- Peanut

Peanut Peanut

White Grub

Insect

Holotrichia spp.


In a Nutshell

  • Wilting and yellowing of the canopy.
  • Plants die, easily pulled out from the soil.
  • Reduction of yields.
  • Adults are dark brown, about 20 mm long and 8 mm wide.

Symptoms

The grubs damage the rootlets, causing wilting of the plants and yellowing of the canopy. In the case of peanut, pods can also be attacked and damaged. In severe cases, plants ultimately die and can be easily pulled out from the soil. In spite of the attack, the crop often does not show immediate symptoms of damage. However, in the long run, their lifespan is reduced and yields are consistently reduced. In annual plants, the sudden wilting of the plants is the earliest symptom, later followed by premature defoliation. Affected plants are yellowish and wilted and die in patches.

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Hosts

Trigger

The symptoms are caused by a group of white grubs of the genus Holotrichia. Both adults and larvae can damage the plants or trees by feeding on the roots. The adults are dark brown, about 20 mm long and 8 mm wide. Within three to four days after the onset of rain, they emerge from the soil, fly short distances and feed on the surrounding plants. After feeding, they reenter the soil to hide and lay their eggs. Female lays 20-80 white and roundish eggs singly at a depth of 5-8 cm in the soil. The larvae are whitish yellow, translucent and about 5 mm long. The fully grown grubs are stout with strong mandibles. Their head is yellowish and the white colored body is fleshy and 'C' shaped. They feed on organic matter for a few weeks and then feed on fine rootlets and pods. White grubs feed on the roots of a variety of crops such as sugarcane, chili, sorghum, maize, red gram or pearl millet.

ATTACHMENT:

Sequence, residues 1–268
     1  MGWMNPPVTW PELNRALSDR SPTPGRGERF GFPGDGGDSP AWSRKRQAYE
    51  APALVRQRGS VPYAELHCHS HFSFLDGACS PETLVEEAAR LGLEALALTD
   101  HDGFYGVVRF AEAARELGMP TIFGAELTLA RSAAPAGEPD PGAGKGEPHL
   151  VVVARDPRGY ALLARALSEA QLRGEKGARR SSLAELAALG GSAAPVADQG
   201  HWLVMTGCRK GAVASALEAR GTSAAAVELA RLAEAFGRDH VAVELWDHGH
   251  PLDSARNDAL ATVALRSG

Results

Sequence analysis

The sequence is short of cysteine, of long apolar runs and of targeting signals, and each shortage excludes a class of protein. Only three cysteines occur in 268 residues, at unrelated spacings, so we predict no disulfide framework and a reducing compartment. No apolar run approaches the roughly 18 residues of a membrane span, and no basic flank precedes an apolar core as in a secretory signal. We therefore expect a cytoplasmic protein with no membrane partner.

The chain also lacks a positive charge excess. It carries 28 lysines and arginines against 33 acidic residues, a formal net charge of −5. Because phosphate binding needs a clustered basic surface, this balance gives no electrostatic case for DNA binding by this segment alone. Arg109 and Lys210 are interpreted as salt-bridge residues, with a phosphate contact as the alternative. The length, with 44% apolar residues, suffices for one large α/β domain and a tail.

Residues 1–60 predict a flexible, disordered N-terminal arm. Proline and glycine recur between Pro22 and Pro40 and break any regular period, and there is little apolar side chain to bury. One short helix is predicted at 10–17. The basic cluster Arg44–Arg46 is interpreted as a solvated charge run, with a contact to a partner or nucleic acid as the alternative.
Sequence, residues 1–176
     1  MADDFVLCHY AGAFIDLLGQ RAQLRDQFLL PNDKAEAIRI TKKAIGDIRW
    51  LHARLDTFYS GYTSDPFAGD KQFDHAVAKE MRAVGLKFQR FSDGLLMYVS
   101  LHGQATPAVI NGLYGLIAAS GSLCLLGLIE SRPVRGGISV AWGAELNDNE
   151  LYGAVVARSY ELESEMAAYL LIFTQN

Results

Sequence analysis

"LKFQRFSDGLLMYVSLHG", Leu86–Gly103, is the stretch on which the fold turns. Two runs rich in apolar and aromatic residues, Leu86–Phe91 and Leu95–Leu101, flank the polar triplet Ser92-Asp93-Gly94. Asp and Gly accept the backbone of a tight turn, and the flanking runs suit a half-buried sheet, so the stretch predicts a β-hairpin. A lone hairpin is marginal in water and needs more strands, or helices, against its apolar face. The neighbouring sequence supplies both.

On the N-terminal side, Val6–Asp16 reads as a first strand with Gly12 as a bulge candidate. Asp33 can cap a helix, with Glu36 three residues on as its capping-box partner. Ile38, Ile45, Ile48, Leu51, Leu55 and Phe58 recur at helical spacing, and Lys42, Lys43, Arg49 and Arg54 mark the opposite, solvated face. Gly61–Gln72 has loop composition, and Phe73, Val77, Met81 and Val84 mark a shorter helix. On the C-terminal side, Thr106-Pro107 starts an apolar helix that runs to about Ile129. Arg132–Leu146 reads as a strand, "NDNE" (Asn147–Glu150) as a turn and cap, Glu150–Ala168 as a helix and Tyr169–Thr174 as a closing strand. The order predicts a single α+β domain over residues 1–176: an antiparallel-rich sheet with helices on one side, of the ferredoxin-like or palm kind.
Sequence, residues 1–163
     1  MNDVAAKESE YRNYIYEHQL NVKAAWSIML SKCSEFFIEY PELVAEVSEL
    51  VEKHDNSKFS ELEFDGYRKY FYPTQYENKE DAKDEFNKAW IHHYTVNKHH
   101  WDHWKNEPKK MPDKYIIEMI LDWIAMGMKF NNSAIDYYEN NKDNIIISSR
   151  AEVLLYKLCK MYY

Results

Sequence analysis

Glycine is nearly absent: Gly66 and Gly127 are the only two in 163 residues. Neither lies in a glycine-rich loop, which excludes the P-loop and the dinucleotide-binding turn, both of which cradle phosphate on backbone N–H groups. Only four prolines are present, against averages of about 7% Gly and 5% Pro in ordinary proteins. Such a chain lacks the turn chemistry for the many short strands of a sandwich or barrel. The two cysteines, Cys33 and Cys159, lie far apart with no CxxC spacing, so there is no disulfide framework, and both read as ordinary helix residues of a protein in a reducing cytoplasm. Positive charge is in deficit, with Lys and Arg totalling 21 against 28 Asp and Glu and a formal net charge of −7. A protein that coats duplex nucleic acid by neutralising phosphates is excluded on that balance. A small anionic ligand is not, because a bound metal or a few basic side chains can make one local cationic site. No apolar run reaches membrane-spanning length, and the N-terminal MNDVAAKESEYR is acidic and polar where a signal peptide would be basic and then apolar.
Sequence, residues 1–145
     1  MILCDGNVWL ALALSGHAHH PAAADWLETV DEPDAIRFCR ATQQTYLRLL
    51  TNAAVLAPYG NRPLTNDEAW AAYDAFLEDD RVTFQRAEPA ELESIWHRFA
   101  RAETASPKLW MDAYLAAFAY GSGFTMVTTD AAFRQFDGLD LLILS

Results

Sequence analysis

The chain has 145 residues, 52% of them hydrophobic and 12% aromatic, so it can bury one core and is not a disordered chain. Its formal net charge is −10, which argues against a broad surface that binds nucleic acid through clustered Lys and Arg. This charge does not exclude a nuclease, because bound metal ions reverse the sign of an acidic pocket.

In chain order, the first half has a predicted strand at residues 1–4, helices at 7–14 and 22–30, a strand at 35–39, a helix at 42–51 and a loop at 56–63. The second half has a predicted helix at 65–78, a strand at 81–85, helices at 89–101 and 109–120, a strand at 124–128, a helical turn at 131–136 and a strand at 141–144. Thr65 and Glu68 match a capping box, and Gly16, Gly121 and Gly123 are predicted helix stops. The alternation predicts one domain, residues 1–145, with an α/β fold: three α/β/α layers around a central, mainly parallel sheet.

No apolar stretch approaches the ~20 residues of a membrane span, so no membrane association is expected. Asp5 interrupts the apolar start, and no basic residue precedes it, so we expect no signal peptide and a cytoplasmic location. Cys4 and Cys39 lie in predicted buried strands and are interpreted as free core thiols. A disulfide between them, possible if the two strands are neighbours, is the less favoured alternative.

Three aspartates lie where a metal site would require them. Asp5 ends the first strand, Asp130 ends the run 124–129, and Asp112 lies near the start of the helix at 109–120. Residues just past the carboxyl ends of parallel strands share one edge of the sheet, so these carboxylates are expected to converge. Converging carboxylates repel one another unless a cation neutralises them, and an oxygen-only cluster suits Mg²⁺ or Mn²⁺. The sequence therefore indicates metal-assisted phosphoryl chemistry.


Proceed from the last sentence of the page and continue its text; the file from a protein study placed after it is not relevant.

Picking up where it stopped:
Organic Control

Use extracts of Solanum surattense or Neem leaves as a seed treatment. Spray a liquid suspension of beneficial nematodes (for example Heterorhabditis spp.) at 1.5 billion nematodes per hectare in the early season. Bio-insecticides based on Nuclear Polyhedrosis Virus or the fungus called green muscardine can also work. Treat the kernels with kerosene (1 liter per 75 kg/seeds) before sowing. Make sure to conserve insects of the family of braconids, dragonflies, trichogrammatids.

Chemical Control

Always consider an integrated approach with preventive measures together with biological treatment if available. On emergence from the soil, adults may feed on the foliage of certain nearby plants. Spraying these plants in the night with persistent insecticides reduces the population of adults before egg laying. Chloropyriphos 20% EC at 1125 ml/ ha can be used for this purpose. Seed treatment with chlorpyriphos at 6.5 ml/kg seed is also a good way to prevent the development of these insects.

Preventive Measures

  • Plow deep in the seasons before planting.
  • Plant resilient varieties if available.
  • Sow early to avoid peaks of grub damage.
  • Sow trap crops like sorghum, maize or onion in between your plants.
  • Install light traps at the onset of rains and monitor the number of beetles per day.
  • Collect and destroy white grub around the field, preferably in the morning.
  • Use green manure such as Italian rye grass or legumes to conserve natural enemies.
  • Apply potassium as base fertilizer to strengthen root systems and increase tolerance to grub damage.
  • Fallow the fields for two years.
  • Rotate crops with non-host plants (e.g.
  • paddy rice).

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